(1) grain-fed beef. If the grain is of low quality, or spoiled and unfit for human consumption, then it would otherwise not only be a loss for human consumption, but also a problem waste product. If it is still good enough to be fed to cattle (or other livestock), a waste product can thus still be used to produce valuable products, including meat, and potentially leather, milk, cheese, glues, fertilizers etc. The livestock should still have a varied diet (not just grains) for the livestock to be healthy, and for the meat to be healthy for human consumption.

Using calories as a measurement demonstrates inefficiency in terms of energy conversion, but fails to provide all the facts, such as the nutrient density and high quality proteins in beef, compared to people eating just grains. It should also be said that to produce high quality animal protein efficiently, the feed conversion rates of deer and Eland (for example) are better than cattle, poultry are better still, and fish are better again. Also, some fish can be fed on plant material only, such as grass carp, and could be fed on high biomass producing plant material, such as Napier grass, (or a mixture of complementary plants, e.g. possibly Napier grass and Sesbania grandiflora) in a highly efficient system, producing more animal protein with less feed in less space.

Bali cattle eat grass and the leaves of trees and shrubs. Timor Leste. Photo: Colin Trainor, commons.wikimedia.org.

Bali cattle eat grass and the leaves of trees and shrubs. Timor Leste. Photo: Colin Trainor, commons.wikimedia.org.

In my opinion, it is better overall if red meat is produced from a combination of grass, herbaceous plants and fodder tree leaves/pods rather than grains, in a grassy woodland setting, with the livestock managed in a planned grazing/holistic management system, where the livestock can be managed to actually improve the environment/soil. It should also be remembered that grains for human consumption can only be produced from relatively fertile and well-watered arable land (which is very limited in area) and not from the poorer but much more extensive rangeland. Finally, animal products produced on rangeland, while a less energy efficient system than crops grown on arable land, are nevertheless a net addition to the food supply.

A couple of interesting books: “Should meat be on the menu?”, and “Why didn’t my grandmother get fat?…and why did I?” by David Mason-Jones, are definitely worth reading. Avaialble from david@journalist.com.au, and www.journalist.com.au.

(2) Post-harvest losses from pests. More research into protecting stored grain from insect pests such as weevils using natural, free, and available materials e.g. Neem leaves/products and perhaps the leaves of Milletia pinnata (syn. Pongamia pinnata) and possibly leaves of some Crotalaria species, etc., would be helpful.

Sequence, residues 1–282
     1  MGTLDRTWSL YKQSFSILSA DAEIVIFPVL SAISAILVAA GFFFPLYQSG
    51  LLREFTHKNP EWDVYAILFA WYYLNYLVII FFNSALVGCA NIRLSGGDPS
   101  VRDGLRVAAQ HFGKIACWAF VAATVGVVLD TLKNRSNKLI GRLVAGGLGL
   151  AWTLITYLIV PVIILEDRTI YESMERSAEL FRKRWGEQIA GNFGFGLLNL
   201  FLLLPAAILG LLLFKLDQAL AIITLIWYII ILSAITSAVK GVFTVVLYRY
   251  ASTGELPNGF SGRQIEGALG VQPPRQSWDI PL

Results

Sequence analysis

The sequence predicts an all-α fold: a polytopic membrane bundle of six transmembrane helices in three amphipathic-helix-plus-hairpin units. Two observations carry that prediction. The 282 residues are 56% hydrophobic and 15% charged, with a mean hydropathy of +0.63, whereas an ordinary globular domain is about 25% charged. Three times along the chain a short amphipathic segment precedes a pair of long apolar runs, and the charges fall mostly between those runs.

Aid organisations could perhaps prioritise the provision of insect-, rodent-, and water-proof containers for domestic and larger scale storage of grains. Edible wattle seeds for example, may last for decades, providing food security.

(3) Food thrown away uneaten. This could just be a waste, but is not so bad if it is recycled by being fed to pigs, poultry, fish, earthworms, black soldierfly larvae (the last two can be food for poultry and fish) etc, and/or is composted and used to produce more food.

Litoria bicolor. Photo: David Clode.

Northern Dwarf Tree Frog, Litoria bicolor. Photo: David Clode.

“A society grows great when old people plant trees, knowing that they will  never sit in the shade of those trees.”

Based on an Ancient Greek proverb.

“It is a noble occupation to plant trees, you think of it many years after with content.”

Karen Blixen.

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Hopefully, more to come.

Camouflaged Phasmid or Stick Insect.

A camouflaged Phasmid or Stick Insect, vertical, on the left (on an introduced Guava, Psidium guajava). Barron Gorge National Park, Cairns, Australia.

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Leafy Katydid. Photo: David Clode.

Leafy Katydid. Photo: David Clode.

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Orange Lacewing. Photo: David Clode.

Orange Lacewing. Photo: David Clode.

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Backlit leaf. The colour is fairly accurate. Cairns Botanis gardens. Photo: David Clode.

Backlit leaf (underside). The colour is fairly accurate. Cairns Botanic gardens. Photo: David Clode.

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Rainbow Lorikeet

Rainbow Lorikeet, feeding on nectar from a Schotia brachypetala tree.

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Reforestation.me

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3 Responses to Environment Quotes

  1. Wohh precisely what I was looking for, appreciate it for posting.

    Like

  2. I was looking at some of your articles on this website and I believe this website is really instructive! Retain putting up.

    Like

  3. Thank you Darrin and Cedric for your encouraging comments.

    Like